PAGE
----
Many if not most of my friends have learned to avoid the vegan fanatics online and elsewhere. In their book, Ginny and her co-authors give examples of the cruelty of many vegans, so I won’t go into depth here ... except for one story. Once a person attacked me for promoting this graph:

saying I would lead to more people getting Crohn’s disease by “promoting” dairy. Little did they know that I have had Crohn’s for decades, and had developed it well after being vegan. I know so many others who developed Crohn’s after going vegan that it is frightening. Sometimes, if I mention having Crohn’s, someone will come along and tell me I need to just go vegan. Some even imply I deserve the disease for not being vegan.

Now to my personal update.

Note: I had not planned to have any of the below known publicly. But for a variety of reasons, the story is creeping around, and I’d rather people hear it from me instead of as a rumor. Also, a wise person reminded me it is arrogant to try to do utilitarian calculations on one’s friends.

During track season at Pomona College in 2013, our kid EK (and lifelong vegan) developed costochondritis.

Thus, when I started having some discomfort in my chest upon running, I thought it was that. When I saw my new primary care physician, he did an EKG (all fine). Given my age (49), my 30+ years as a vegetarian, my fitness (regular vigorous exercise), and my low blood pressure (~110/70 on average), he was trying to figure out some skeletal-muscular explanation. That didn’t pan out, but again, my history and the EKG argued against anything to do with the heart. I went to the pulmonologist to see if there was anything going on with my oh-so-wonderful left lung after its multiple collapses. When the pulmonologists didn’t find anything, he sent me to a cardiologist.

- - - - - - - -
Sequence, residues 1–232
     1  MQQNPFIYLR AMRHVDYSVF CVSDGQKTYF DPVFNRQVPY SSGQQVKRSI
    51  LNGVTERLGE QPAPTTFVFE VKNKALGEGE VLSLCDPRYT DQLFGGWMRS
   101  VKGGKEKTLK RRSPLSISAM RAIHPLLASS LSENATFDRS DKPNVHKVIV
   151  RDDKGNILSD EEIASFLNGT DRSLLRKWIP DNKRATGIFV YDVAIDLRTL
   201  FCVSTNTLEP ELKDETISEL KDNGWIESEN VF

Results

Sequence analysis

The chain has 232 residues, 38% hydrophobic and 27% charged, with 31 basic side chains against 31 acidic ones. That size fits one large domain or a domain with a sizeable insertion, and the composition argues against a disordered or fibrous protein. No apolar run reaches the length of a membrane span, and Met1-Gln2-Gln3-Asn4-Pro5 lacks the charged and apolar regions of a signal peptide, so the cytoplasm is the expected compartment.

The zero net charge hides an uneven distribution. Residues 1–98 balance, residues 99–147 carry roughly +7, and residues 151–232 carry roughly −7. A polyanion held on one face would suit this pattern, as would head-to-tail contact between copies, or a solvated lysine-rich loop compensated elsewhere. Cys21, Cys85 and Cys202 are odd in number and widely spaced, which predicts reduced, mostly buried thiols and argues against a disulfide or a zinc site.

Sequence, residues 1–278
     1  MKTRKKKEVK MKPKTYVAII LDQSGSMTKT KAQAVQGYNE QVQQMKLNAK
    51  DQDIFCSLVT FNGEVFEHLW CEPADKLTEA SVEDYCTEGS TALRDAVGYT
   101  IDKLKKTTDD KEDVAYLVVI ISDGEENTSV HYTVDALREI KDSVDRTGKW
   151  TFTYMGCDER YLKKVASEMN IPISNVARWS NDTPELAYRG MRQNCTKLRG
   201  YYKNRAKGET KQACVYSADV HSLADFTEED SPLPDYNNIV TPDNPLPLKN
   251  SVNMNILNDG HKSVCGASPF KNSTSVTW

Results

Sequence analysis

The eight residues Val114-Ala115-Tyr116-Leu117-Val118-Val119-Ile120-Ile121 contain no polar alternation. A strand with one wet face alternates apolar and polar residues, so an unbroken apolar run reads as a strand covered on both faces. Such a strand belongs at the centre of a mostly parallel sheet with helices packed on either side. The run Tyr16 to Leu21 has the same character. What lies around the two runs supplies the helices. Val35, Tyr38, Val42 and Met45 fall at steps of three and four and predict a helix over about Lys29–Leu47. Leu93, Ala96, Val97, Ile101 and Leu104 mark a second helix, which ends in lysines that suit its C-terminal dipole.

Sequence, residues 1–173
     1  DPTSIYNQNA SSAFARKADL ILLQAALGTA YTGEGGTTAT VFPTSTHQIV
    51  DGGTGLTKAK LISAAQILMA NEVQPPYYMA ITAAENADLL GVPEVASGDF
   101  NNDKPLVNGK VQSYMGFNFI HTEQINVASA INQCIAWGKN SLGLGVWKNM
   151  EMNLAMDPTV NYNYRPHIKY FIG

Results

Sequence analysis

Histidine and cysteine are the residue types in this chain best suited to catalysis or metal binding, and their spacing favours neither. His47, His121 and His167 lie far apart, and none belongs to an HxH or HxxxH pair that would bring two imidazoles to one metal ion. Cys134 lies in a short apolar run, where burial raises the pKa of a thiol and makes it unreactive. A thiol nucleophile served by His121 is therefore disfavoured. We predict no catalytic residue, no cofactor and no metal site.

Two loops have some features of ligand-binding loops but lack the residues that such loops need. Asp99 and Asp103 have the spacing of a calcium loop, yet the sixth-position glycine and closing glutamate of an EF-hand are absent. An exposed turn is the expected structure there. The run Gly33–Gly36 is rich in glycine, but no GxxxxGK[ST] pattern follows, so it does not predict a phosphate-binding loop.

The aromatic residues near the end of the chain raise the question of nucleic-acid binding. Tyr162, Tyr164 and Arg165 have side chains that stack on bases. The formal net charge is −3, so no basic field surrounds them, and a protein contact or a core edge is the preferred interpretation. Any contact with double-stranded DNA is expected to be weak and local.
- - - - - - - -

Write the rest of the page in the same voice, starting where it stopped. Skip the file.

The cardiologist scheduled a stress test for Sept 28. I failed that badly; they immediately scheduled me to go to the catheterization lab on Friday, Oct 6 at the local hospital. At that time, angioplasty with contrast would allow them to look inside the arteries and determine what was going on (below), and if I could get by with a stent (or stents) or if I needed open-heart surgery and bypass.

They also put me on beta blockers (which lowers the heart rate and blood pressure). The next day, Sept 29, I went back to the cardiologist’s for an echocardiogram. That was perfect – could not have been better: muscle strong, valves all in good shape, aorta looked perfect.

Side note back to my lead point about vegans: I asked a vegan medical professional what preparation advice they would have if someone might be having bypass surgery in a week. This person basically said not to have the surgery, but instead go vegan. I asked what to do if that wasn’t an option and I never heard back.

After a very stressful week, Anne and I got to the hospital at 4:45am on Friday the 6th for a 7am procedure. I watched the screen as the doctor did the angiogram and checked (with contrast) every aspect of the heart. One 8 mm section of a major vessel was 95+% blocked (occluded). This was entirely obvious even to my untrained eye – it was so bad I thought I must be misinterpreting what I was seeing.